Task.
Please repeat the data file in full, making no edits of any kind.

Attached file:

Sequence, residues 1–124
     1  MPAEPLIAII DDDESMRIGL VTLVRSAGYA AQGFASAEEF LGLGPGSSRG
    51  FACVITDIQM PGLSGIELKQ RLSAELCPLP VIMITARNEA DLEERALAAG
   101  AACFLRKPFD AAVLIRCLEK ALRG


Sequence, residues 1–124
     1  MPAEPLIAII DDDESMRIGL VTLVRSAGYA AQGFASAEEF LGLGPGSSRG
    51  FACVITDIQM PGLSGIELKQ RLSAELCPLP VIMITARNEA DLEERALAAG
   101  AACFLRKPFD AAVLIRCLEK ALRG